After some of the horror that we’ve seen in the US these past days, I thought it might be time for a little bit of a nicer story.
The company I work for exists in buildings that were built right next to a state certified wetland, therefore there is a good amount of the property that the company can’t build on. Instead of letting this land go totally wild, the company maintains trails throughout the land for the employees to use. There is also a nice side open field the company has created to allow associates to come and picnic, or use for cross country skiing or even training for trail runs, which I’ve seen associates do before. The land is privately owned however, so you must be a company employee in order to utilize it.
Back in July, however, something peculiar showed up in the open field. Two baby deer, waiting for their momma. The employees left them alone, with the exception of getting pictures. Overall, we thought momma was very smart, leaving her two babies in a field where humans frequent. That would be a perfect place for them to be safe from predators.
Unfortunately, that wasn’t the case. After seeing the babies over and over, we realized momma had been the deer that was hit several weeks previously. These babies were orphaned. But as we kept seeing them in the field, they went from simply sitting to eating grass and finding places to sit in the shade when it just got too hot in the sun. Some weeks would go by and I’d see them every day out on my walk. Other weeks, I’d see them once or twice. Every time I’d see them, I’d talk to them for a few minutes before I continued on my journey around the walking trail. I worried a little bit about what they would have to eat, but with the creek and wetlands, apple trees and fruit bushes on the property I figured they would be OK. And none of the associates that work here tried to pet them; instead, we all took pictures, and went on with our business. The only real roads they have to cross now are the small ones that link the parking lots for the multiple buildings together, and those all have a very low speed limit.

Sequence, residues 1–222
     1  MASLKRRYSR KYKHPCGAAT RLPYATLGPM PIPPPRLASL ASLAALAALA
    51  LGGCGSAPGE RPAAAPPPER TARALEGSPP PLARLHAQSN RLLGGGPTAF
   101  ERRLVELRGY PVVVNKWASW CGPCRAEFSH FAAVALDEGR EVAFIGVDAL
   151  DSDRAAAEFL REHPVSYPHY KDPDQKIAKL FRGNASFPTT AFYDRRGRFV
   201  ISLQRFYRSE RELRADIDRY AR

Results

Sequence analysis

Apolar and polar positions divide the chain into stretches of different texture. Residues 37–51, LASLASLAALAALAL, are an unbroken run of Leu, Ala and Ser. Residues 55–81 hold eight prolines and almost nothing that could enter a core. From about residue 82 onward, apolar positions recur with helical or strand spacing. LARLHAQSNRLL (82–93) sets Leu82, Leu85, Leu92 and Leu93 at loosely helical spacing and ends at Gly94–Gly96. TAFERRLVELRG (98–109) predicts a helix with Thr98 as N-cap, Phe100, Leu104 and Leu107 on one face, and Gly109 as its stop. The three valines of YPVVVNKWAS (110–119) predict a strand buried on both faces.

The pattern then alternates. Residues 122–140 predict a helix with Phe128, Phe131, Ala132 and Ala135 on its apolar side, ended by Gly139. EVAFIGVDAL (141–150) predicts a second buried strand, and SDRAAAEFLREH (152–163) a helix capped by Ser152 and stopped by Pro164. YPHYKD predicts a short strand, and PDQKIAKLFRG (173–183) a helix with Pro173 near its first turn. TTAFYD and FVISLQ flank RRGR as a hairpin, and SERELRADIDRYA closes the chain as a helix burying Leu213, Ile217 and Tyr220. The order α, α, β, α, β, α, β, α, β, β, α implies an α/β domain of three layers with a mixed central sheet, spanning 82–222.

The deer have a pretty nice size of property in addition to our area too. Many other businesses on our side of the road were built around the wetland, which means the deer have solid woods for roughly half a city block around my company’s property. And it’s all private; so there will be no hunting in this area.
There was a lull in our sightings of the babies in August and September. I had hoped they were OK, but felt that it was best that we didn’t see them. Perhaps they had learned about how to behave like proper deer, and hide when the humans came around. But about two weeks ago; another associate I work with spotted what we thought were the baby deer on one of the trails. He pointed them out to me. When I looked at them, I realized those weren’t our baby deer. One had a serious amount of antlers. And they were much more wary of us humans than the babies were. I think one of them had to be daddy. And perhaps daddy had picked up on raising the babies where momma had left off.
This week, I was able to spot both of them again. As you can see by the photos, they still aren’t afraid to be seen. Sometimes they stay together, but sometimes they wander on their own as well. Their spots have gone, and they are getting bigger by the day. I think the day will come soon when we don’t see them at all anymore; they’ll take their daddy’s advice and keep away from the humans. The day I took the final picture of them above, I did stick around to see what they would do when they saw a moving car. And wisely, they quickly made for the foliage around them instead of sticking around to see where the car would go. So they are still OK with humans, for now, but don’t like cars, and that is very good news.
I hope that I’ll get the occasional chance to see them as they continue to grow. But even if I didn’t, I’ve very much enjoyed the times I did see them.